U.S. soybeans edged up nearly 0.5 percent on Wednesday as prices rebounded from a contract low, though gains were checked by the U.S. Department of Agriculture’s forecast for record production.
* Chicago Board Of Trade March soybeans rose 0.44 percent to $8.59-1/4 a bushel after closing down 1 percent on Tuesday when prices hit a contract low of $8.50-1/4 a bushel.
* December corn rose 0.21 percent to $3.59-3/4 after closing down 1.8 percent in the previous session when prices hit a contract low of $3.56 a bushel.
* December wheat rose 0.36 percent to $4.92-1/2 a bushel after closing down 2.2 percent on Tuesday when prices hit a three-week low of $4.88 a bushel.
* The USDA pegged 2015 U.S. soybean production at 3.981 billion bushels with an average yield at 48.3 bushels per acre,both all-time highs. The production increase more than offset higher expected use by processors and greater exports.
* The corn harvest was expected to be the third largest on record at 13.654 billion bushels on an average yield of 169.3 bushels per acre, the second highest ever.
* The USDA lowered its outlook for corn exports and use by ethanol makers, boosting ending stocks to a decade high.
* The USDA increased its forecast of U.S. wheat 2015/16 ending stocks outlook by 50 million bushels to 911 million bushels, topping trade expectations for 877 million.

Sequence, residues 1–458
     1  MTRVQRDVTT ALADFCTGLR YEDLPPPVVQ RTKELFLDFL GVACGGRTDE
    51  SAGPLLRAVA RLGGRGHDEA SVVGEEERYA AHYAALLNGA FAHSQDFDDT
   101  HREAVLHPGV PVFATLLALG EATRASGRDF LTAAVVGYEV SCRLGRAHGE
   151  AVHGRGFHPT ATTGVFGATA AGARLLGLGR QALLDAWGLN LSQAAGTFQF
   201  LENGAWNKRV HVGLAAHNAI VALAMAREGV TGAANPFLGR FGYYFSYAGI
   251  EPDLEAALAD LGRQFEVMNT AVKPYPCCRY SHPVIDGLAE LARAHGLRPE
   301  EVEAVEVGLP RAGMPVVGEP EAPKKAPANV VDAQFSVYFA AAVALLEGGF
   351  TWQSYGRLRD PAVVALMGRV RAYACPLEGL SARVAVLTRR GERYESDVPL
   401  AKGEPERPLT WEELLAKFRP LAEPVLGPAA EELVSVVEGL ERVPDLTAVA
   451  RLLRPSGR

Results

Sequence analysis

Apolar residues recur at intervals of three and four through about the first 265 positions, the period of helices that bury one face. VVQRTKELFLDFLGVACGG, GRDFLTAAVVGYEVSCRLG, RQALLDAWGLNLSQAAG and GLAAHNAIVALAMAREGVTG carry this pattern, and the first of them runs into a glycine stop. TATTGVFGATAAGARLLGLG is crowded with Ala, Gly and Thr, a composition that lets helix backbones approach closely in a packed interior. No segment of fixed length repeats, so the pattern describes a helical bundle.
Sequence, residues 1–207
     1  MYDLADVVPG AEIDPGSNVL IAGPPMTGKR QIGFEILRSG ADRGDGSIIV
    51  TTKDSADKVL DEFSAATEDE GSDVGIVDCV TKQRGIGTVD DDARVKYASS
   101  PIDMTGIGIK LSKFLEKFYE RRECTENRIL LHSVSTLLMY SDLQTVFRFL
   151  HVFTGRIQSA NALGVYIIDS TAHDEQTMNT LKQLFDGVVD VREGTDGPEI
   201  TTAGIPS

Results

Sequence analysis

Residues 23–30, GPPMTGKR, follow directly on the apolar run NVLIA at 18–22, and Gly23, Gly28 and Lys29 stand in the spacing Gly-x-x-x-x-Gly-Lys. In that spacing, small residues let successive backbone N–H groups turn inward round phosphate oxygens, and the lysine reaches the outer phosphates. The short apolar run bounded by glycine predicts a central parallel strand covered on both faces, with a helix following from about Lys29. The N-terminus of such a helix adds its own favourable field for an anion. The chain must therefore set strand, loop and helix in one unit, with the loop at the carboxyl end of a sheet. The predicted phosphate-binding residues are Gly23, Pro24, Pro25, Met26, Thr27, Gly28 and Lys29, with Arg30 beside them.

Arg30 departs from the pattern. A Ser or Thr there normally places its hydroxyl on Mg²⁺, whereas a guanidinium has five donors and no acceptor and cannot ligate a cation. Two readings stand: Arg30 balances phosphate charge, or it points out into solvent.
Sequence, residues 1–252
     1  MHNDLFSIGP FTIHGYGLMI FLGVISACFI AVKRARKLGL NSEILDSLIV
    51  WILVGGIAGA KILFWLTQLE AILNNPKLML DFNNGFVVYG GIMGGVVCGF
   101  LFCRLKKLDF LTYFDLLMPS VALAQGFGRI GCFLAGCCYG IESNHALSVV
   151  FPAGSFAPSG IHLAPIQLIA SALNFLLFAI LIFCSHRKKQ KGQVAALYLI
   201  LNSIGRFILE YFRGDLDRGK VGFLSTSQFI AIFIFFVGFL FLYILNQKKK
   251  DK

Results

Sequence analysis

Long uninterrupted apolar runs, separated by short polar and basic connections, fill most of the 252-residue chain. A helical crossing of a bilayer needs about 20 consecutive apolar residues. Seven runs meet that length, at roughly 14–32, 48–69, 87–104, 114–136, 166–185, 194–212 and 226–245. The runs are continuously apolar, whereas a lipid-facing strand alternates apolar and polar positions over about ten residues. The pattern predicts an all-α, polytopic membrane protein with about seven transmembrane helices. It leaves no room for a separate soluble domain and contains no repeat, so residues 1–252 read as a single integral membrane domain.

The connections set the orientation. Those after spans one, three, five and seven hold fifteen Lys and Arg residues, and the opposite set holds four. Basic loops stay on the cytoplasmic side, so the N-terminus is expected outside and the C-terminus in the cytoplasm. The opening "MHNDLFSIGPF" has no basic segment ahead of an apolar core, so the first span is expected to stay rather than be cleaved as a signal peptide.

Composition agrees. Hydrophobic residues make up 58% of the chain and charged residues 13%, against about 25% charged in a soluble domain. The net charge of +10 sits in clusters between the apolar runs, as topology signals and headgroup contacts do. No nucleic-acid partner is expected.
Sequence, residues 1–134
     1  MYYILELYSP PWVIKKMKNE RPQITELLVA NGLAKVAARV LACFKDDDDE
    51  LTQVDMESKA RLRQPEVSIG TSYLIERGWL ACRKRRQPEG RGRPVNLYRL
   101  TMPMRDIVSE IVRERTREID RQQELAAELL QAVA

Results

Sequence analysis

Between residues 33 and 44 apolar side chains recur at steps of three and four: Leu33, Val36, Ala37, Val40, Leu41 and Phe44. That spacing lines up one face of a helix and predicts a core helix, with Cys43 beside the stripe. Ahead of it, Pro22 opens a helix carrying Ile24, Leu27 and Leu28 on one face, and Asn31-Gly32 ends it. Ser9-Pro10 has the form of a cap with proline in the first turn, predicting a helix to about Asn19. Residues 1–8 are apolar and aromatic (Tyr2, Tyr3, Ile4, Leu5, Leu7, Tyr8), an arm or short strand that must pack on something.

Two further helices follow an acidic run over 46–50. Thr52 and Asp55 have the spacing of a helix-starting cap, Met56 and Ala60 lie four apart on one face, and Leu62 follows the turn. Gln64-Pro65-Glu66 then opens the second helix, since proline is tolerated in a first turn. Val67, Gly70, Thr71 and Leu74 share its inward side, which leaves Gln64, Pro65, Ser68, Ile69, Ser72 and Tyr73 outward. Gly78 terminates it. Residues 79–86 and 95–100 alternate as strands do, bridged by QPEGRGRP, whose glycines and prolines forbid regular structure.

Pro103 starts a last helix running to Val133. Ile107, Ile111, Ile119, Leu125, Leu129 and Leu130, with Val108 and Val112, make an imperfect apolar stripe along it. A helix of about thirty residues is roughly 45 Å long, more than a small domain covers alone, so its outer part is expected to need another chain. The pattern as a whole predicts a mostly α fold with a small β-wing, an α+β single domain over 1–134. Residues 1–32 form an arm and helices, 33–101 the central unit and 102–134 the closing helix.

* No U.S. wheat was offered in an overnight tender by Egypt’s state buyer GASC. The lowest offer in the tender, which closed on Tuesday, was for Ukrainian wheat, traders said.
* Independent truckers in Brazil protesting against the federal government entered the second day of their strike on Tuesday, but roadblocks have eased and are mostly concentrated in the south.
* The euro nursed broad losses early on Wednesday as political uncertainty in Portugal provided an excuse to sell in a market already bracing for further monetary policy easing from the European Central Bank.
* U.S. crude oil prices fell in early Asian trading on Wednesday after industry data showed an increase in U.S. stockpiles, while fears that Japan’s economy may have fallen into recession added to demand woes.
* Wall Street ended modestly higher after a choppy session on Tuesday as gains in consumer discretionary stocks offset a drop in Apple and investors hunkered down for a potential interest rate hike next month.
(Source – http://af.reuters.com/article/commoditiesNews/idAFL3N13618U20151111)